Power Bank Endurance Test – Hillo Power Jin Gangxia (Part 9)

Posts have been getting a little thin from time to time because of the crazy amount of work I’ve got, and also the fact that I’ve spent the past week or so battling numerous illnesses. Anyway, today I’ve finally felt well enough, so back to blogging we go!

The endurance test keeps trundling away, and I’m sure you know what this post means – yes, another 50 runs has been completed. The unit has now completed a nice 466 cycles from brand new, or 450 cycles in this investigation. This means it has lived from about 93.2% to over 100% of its lifetime, using the 300 to 500 cycle rule of thumb for lithium-ion based cells. Lets see how it did.


A further 50 runs of data was completed, with no loss of data in this set. The data seems to show increased variability, although a downward trend is still evident.


The variation in the data seems larger than in previous runs, and spans about 100mAh, which is within my estimated margin of error. The reasons for this could be several fold:

  • Increasing internal resistance is a normal issue with cycled lithium-ion based cells, and the increasing internal resistance could cause earlier termination of the power bank’s boost circuitry due to low voltage being sensed, but this might not be consistent on a charge to charge basis. Likewise, it could cause an early full-charge indication, which may not be consistent on a charge to charge basis.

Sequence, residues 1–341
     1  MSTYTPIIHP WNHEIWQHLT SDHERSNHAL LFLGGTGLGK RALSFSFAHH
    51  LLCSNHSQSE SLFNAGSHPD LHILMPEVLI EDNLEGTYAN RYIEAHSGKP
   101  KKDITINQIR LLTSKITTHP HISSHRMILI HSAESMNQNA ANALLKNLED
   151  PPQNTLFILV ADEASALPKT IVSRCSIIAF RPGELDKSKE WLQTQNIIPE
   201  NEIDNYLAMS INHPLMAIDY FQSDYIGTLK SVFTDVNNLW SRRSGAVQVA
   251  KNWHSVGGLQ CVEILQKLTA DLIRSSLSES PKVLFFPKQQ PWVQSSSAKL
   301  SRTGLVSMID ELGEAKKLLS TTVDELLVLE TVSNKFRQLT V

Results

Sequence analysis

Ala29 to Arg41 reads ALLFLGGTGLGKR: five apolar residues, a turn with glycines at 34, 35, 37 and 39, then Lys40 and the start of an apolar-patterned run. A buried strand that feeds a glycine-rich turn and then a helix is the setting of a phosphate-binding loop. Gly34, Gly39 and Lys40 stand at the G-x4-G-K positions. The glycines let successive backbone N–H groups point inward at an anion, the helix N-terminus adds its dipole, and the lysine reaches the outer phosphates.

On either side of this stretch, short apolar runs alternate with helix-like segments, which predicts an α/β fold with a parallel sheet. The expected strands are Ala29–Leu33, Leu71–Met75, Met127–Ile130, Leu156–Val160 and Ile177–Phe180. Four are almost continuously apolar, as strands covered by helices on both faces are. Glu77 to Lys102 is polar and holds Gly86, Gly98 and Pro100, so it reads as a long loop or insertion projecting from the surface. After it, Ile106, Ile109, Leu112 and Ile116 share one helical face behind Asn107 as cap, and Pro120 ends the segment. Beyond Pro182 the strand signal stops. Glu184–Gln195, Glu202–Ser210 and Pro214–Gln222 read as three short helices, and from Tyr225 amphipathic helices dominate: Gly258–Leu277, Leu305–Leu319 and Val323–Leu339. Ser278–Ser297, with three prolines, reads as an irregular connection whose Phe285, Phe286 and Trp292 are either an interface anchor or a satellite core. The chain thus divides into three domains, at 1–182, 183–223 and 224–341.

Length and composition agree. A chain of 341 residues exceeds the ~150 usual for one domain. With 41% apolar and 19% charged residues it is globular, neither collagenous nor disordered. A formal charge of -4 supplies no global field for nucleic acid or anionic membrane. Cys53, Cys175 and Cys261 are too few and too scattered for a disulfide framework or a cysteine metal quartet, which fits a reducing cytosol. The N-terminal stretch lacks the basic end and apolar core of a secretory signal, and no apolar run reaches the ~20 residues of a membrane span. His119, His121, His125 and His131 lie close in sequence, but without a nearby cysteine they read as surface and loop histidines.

• Contact resistance due to oxidation or wear of contacts, after all, the rig itself has been through a lot of insertions and removals and some banana plugs in the system did get unplugged and re-plugged in a slight room rearrangement.
  • Temperature shifts, as my room is subject to weather more than usual. However, the temperature always stays within the stated temperature range for the accuracy of the meter (i.e. 18 degrees C to 25 degrees C, but normally a much narrower range).

Regardless of the cause, the amount of error in the variation is still mostly about 100mAh to 150mAh which is really within the realm of run to run variations, but we are still seeing a slow decrease in capacity.

Using a linear fit estimation, and the original capacity reference rather than the fit’s estimation of original capacity, the lifetime would be 1526 cycles. Using the power-fit, the result is still an admirable 1152 cycles. All of which is much higher than the normal rule of thumb of 300-500 cycles. Maybe this means lithium-battery based storage in vehicles and grid usage might be more realistic than imagined, as the cycle life has been conservative?


In the grand scheme of things, plotting it against an axis starting from zero, the battery still has a long way to go before it is “unusable”. I don’t think anyone really has to worry about cycle life if they’re using a quality cell, which hasn’t been subjected to abusive temperatures.


The experiment continues, and the next report will be due when we reach 500 cycles in the experiment (or 516 cycles in total). So far, I can definitely say that the cell has performed much more consistently over so many cycles than I would have initially imagined based on the “rules of thumb”, but it seems this one defies death and continues a steady and slow decline. Maybe the cycle-life mode of failure of lithium-ion cells is a little overblown especially for better made cells …

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